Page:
CAMP PENDLETON, Calif. --
More than a dozen students from the Leadership North County class gathered at the Pacific Views Event Center here to learn about Camp Pendleton’s contributions to Southern California, March 21.
This course brings community leaders from the North County region together to increase awareness of local issues and to build working relationships between the base and its surrounding communities.
“The class participants spent an entire day here because Camp Pendleton is a huge economic denominator for this area,” said Anna Fleming, the community liaison for California State University San Marcos.
“The entire day is devoted to an overview of Camp Pendleton and the mission of the base,” said Rose Ingersoll, a school liaison officer here. “Camp Pendleton’s geographic presence in the North County and its large military and civilian workforce are key features in understanding the military character of our region.”
Marine Corps Community Services, Environmental Security and community relations representatives gave a series of presentations to local community leaders.
“I had no idea the base was so inclusive,” said Wendi Brick, the President and CEO of Customer Service Advantage Inc. “It’s like its own city with all the stores, gas stations and activities.”
Four Marines sat on a panel to answer the student’s questions about the military lifestyle.
“My favorite part of the day was the panel. I’m happy that I got to know more about Marines as individuals,” said Brick. “Getting to hear how they got where they are and their plans for the future was great.”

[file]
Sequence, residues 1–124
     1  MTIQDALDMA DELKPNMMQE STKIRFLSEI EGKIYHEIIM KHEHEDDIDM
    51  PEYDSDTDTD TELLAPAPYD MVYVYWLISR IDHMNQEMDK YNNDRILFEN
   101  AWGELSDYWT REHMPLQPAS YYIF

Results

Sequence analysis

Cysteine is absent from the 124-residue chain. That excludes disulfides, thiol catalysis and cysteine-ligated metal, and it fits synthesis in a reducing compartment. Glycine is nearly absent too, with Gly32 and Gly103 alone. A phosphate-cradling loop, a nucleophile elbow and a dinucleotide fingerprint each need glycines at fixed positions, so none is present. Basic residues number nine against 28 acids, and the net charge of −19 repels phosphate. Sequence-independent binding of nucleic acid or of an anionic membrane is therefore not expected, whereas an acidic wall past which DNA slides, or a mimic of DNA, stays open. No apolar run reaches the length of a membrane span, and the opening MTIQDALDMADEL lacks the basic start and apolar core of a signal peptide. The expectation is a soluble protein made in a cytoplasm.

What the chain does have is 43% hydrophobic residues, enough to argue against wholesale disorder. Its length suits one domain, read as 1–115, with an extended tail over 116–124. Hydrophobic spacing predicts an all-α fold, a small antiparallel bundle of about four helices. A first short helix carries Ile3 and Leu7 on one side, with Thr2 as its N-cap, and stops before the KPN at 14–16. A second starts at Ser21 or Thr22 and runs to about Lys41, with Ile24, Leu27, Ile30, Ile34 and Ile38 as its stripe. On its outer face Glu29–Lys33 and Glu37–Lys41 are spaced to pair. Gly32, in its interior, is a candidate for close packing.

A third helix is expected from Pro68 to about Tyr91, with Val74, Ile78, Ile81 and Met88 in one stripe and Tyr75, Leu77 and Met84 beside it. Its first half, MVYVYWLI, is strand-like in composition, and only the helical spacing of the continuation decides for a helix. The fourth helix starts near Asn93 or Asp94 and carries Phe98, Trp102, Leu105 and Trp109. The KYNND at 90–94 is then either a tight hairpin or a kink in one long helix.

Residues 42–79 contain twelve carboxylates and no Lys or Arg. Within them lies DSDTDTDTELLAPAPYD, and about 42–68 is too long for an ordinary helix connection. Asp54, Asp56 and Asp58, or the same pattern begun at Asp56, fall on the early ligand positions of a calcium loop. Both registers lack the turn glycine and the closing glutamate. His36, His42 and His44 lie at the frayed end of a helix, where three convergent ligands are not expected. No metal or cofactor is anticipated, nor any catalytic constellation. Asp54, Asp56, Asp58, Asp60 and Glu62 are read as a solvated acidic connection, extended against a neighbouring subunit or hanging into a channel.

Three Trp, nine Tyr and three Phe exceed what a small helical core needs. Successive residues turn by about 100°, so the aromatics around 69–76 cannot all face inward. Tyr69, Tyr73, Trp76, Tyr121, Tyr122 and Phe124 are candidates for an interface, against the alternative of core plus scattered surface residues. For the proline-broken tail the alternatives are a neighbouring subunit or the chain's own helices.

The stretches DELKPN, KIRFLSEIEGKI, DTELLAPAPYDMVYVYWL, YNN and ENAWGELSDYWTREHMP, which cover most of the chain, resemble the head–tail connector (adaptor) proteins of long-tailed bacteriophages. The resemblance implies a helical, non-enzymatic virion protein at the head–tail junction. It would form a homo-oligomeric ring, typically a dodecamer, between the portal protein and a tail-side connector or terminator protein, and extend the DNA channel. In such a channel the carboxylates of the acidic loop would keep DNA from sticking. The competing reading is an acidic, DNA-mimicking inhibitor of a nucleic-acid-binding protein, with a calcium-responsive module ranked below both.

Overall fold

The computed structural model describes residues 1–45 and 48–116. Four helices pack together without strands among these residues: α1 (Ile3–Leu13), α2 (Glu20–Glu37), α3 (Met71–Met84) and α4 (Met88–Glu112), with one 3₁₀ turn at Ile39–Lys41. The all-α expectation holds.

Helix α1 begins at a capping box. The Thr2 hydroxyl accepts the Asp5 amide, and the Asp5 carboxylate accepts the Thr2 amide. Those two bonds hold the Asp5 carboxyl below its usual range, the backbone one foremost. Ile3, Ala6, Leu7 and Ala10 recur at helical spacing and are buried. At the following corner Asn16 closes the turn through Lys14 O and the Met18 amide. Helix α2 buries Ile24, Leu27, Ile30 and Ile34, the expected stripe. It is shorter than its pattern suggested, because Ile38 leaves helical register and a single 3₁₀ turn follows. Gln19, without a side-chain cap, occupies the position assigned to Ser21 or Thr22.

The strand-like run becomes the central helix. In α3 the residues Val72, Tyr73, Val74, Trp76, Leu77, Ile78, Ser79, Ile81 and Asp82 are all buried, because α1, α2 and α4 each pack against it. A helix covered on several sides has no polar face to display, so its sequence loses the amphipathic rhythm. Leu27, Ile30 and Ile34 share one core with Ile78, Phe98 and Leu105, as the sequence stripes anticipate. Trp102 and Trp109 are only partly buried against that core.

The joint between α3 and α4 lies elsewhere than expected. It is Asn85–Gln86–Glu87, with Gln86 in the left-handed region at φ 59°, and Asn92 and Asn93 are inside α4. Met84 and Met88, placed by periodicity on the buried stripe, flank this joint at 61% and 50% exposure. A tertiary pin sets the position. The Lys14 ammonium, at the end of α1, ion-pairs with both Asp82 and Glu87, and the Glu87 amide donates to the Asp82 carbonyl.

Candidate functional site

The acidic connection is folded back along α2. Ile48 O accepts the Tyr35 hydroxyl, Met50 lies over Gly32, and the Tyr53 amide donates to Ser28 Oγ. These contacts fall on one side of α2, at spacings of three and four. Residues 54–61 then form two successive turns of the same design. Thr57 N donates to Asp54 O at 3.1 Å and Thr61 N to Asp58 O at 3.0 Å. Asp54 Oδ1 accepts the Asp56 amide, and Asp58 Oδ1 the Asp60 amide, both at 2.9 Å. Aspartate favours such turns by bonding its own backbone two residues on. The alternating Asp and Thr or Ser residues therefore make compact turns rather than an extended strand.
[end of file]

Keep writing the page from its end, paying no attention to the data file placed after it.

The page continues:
After eating lunch and talking with Marines at the Las Flores Messhall, the group toured the Infantry Immersion Trainer.
Matt Fennell, the operations manager for the facility here, escorted the students through the training areas and explained its functions.
Leila Sackfield, the assistant superintendent for the Escondido Union School District, said the difference between the indoor and outdoor training areas was phenomenal.
“I can’t image how it must be when there’s commotion,” said Sackfield, about seeing the close-quarters combat environment and its limited lighting and visibility.
From there, the class boarded the bus and returned to the Pacific Views Event Center to learn about the opportunities provided for the Marines transitioning back into the civilian workforce.
“Now, I appreciate how much they train, develop people and how much the military is a career for troops,” said Brick.
Visit the Leadership North County
website for more information on this course.
Contact Lance Cpl. Sarah Wolff-Diaz at email@example.com